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In one respect, that of style, Anthem is my favorite of Rand's fiction. It is lyrical and beautiful, and retains a remarkable consistency of style throughout. It ranks as the equal of the most beautiful of her writings in her novels -- with the "boy on the bicycle" scene and the death of the Wet Nurse. And it is in Anthem that we see the purest essence of Rand the Poet, without any of the harshness, the anger, the bitterness that came to mark her later work. Reading Anthem for the first time, many years ago, was one of the irreplaceable literary experiences of my life.

Barbara

What is the "boy on the bicycle" scene from? I agree that the death of the Wet Nurse was one of the most beautiful of her writings, as well as Dagny's scene with Cherryl Taggart. :)

Funny, Anthem is the only book by Rand that I've never read more than once. I didn't like it, for me it was too exalted, too religious.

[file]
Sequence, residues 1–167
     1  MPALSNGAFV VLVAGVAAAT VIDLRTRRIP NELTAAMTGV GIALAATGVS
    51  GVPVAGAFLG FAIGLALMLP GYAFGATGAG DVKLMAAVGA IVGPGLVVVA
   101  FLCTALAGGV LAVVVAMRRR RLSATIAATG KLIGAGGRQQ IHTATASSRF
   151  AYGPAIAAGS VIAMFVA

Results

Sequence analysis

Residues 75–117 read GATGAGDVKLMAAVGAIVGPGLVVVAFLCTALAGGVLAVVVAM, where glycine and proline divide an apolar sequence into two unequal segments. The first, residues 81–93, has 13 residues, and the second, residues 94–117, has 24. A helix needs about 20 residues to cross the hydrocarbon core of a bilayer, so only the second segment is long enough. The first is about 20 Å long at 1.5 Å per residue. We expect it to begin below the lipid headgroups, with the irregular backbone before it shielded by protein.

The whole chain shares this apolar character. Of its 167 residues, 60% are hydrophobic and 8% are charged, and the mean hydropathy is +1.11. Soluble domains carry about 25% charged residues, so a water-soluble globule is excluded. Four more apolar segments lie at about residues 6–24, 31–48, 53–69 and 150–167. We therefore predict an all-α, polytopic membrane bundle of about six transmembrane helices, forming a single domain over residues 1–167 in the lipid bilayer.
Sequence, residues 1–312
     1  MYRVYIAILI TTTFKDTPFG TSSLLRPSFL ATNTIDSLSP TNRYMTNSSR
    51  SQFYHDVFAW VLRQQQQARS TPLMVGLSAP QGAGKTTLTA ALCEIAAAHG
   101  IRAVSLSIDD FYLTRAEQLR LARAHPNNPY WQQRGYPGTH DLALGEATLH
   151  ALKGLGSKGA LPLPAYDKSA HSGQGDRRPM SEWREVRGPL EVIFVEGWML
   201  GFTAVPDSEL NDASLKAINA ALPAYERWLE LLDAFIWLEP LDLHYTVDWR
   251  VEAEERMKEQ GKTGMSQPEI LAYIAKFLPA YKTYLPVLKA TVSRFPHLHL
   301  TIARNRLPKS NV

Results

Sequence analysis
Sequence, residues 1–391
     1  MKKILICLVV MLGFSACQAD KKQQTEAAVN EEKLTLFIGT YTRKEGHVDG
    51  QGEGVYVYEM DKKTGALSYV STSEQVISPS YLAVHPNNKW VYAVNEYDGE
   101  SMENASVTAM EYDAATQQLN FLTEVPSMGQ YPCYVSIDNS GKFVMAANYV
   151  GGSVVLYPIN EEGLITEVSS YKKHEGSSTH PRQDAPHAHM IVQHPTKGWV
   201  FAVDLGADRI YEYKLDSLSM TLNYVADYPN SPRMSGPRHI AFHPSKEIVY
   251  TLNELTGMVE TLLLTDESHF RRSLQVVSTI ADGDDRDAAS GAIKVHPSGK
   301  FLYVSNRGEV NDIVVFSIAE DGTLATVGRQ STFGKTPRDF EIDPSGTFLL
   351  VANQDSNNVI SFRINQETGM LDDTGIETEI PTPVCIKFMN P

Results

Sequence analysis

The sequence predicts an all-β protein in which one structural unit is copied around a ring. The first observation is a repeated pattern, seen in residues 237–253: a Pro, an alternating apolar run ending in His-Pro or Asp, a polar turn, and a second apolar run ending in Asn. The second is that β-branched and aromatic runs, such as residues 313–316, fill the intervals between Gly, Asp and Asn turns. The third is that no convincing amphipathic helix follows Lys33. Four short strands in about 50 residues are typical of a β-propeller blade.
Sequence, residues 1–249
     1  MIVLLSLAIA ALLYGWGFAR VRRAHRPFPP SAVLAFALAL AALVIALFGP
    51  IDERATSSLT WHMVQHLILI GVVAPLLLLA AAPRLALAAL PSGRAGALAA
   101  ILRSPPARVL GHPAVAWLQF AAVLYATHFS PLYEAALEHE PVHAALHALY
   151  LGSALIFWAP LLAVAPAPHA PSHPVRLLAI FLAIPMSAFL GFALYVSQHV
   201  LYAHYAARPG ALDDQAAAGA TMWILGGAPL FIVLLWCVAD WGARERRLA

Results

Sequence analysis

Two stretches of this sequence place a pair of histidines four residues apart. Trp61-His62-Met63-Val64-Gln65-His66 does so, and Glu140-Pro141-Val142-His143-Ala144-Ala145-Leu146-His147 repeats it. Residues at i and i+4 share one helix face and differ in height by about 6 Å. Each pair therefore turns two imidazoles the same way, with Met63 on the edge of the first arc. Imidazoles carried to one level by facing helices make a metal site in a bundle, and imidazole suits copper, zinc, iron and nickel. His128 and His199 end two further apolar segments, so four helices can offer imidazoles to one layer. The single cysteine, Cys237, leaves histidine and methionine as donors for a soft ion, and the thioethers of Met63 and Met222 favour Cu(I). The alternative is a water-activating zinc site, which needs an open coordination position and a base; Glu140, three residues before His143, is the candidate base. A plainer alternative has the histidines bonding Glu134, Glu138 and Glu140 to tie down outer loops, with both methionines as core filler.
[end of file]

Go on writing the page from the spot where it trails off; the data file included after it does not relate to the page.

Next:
Funny, my Brit lit teacher said it was "too preachy," so I suggested he read Atlas. :laugh:

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Kori, you asked about the “boy on the bicycle” scene. It is from *The Fountainhead*. I do not have the novel in hand at the moment, but it is in the storyline where the Monadanock (sp.?) resort is built.

It is one of my favorites.

-Ross Barlow.

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It's at the beginning of book 4. That and the final chapter are my favorite passages in Rand.

Peter

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Reidy and others; That is my favorite Rand passage. I have Essays on Anthem but have not read it.

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Funny, Anthem is the only book by Rand that I've never read more than once.